After nearly a month in town, the party has consistently begun to hear rumors about murders in the city that the police can no longer keep quiet. The guards are trying to play them off as robberies, but the growing consensus is that several rich people have been murdered; as a killer that only kills the rich is not much of a threat to the common populace, speculation abounds. However, to the heroes of Sandpoint, this sounds like yet another uprising of the murders they just put a stop to in their own town.

The first stop is a local guardsman, who cannot comment on open investigations, but who takes them to his superior. The sergeant they speak to is a gruff-spoken man that clearly has little use for adventurers and vigilantes. They at least convince him to talk to Hemlock about whether the case seems similar. Sensing that there’s little more progress they can make on this front until the Sheriff vouches for them, they decides to take up some other outstanding investigations: Veshenga and Haggor will try to track down Foxglove’s residence in town to look for further clues, while Balekh and Taeva will look into the strange feeling she’s been having about Underbridge.

Veshenga and Haggor’s first stop is the local tax office, hoping that there will be property records for Aldern Foxglove. Conveniently, there is one right down the street from the local guard post, and they begin asking the clerk about tracking down an address. The clerk asks them for their names and addresses, intimating that he cannot help them locate other taxpayers until they are taxpaying citizens themselves. Even Haggor’s attempt to bribe the man is merely accepted as pre-payment for his tax debt. Baffled, the two put on their best bluffing faces and put down the names and addresses of Balekh and Taeva. Unfortunately, even after this little bit of tax fraud, the only information the clerk can provide them is that Foxglove is a city taxpayer. He suggests that they check out he main tax office for more information.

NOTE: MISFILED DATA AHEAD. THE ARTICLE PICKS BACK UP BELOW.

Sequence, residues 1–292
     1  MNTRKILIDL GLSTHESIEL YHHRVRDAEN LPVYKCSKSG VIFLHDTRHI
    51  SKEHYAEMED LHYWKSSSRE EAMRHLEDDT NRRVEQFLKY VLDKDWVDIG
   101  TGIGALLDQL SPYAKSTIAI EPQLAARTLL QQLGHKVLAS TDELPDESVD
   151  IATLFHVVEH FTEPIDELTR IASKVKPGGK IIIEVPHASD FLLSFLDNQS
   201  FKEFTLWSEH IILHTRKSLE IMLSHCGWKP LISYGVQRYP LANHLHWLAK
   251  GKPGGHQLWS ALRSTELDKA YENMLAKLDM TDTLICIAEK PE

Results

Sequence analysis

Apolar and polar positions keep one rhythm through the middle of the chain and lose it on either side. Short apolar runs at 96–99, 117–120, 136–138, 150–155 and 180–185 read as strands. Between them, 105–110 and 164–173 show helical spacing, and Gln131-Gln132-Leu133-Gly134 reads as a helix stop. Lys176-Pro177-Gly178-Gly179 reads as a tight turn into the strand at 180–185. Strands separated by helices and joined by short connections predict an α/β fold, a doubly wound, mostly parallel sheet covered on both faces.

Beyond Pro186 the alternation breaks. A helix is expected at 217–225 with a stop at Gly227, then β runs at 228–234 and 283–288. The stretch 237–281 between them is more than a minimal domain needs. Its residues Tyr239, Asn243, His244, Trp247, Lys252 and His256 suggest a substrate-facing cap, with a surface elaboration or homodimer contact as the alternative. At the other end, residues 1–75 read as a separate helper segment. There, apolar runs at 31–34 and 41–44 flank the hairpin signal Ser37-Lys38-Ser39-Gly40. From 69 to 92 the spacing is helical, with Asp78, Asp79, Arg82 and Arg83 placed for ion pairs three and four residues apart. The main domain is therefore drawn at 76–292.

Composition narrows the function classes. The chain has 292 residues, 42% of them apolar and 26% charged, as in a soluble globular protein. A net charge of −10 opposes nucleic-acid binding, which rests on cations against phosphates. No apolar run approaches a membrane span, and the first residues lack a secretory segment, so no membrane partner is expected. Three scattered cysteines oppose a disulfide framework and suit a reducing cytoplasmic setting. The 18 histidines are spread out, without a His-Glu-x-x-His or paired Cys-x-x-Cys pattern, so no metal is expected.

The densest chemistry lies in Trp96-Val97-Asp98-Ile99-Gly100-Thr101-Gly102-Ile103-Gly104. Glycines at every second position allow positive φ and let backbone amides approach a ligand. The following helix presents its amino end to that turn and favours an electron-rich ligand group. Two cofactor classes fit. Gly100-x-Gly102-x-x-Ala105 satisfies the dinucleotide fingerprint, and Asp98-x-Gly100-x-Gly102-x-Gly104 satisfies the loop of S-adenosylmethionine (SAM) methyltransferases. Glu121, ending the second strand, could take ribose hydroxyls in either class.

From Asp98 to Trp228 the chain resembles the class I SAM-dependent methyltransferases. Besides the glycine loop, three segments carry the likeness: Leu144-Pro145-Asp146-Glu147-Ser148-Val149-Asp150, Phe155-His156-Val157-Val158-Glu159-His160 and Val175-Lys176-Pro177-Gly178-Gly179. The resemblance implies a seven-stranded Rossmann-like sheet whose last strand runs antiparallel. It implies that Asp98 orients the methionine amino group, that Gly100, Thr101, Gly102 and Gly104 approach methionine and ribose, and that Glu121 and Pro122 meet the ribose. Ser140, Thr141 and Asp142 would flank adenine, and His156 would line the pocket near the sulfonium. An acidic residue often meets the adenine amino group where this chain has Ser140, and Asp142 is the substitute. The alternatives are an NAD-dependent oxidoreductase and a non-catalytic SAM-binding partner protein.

Meanwhile, Balekh and Taeva have wandered into Underbridge. Balekh detects magic as he walks, and Taeva does everything in her power to prevent him from being mugged and pickpocketed as he wanders aimlessly. Unfortunately, the area is too big for his sixty-foot radius to make much of an impact, and his spell quickly wears out after confirming little more than the magical potency of the bridge itself. He changes tactics and begins to detect evil. Though many of the people have a faint aura of evil, the first stronger aura he picks up on turns out to be a small imp, being used as little more than an organ grinder’s monkey for a tall and imposing man. This sorcerer, calling himself Faizul, claims great power and mystery… but quickly turns out to be little more than an underfed street performer down on his luck. They take him for a meal, and find out that there are possibly a wide variety of cults and secrets in the area, but learn nothing of any real use.

Veshenga and Haggor have, by now, made it to the city’s main tax office. Behind the desk is a very elderly dwarf woman. She says that the name Foxglove sounds very familiar, but it is not one she has heard in some time. She takes down their names and what they’re looking for, and asks them to come back the next day after she’s had time to look through the records.



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Staring into the Darkness

Hell is underground. In the depths of the mines, in the heart of caves, in the far reaches of ancient cities, it waits. It claws into the darkness of the underworld, flowing through it like sludge through the seas, looking for a way out to the sky. Things move in the hell-tainted darkness, formed from nightmare and black light. They dig towards the surface, lay traps, and always seek to claw their way into our world. Sometimes, they find it, breaking open a dungeon maw, their corruption spreading across the night to terrorize nearby innocents until driven back inside by the dawn.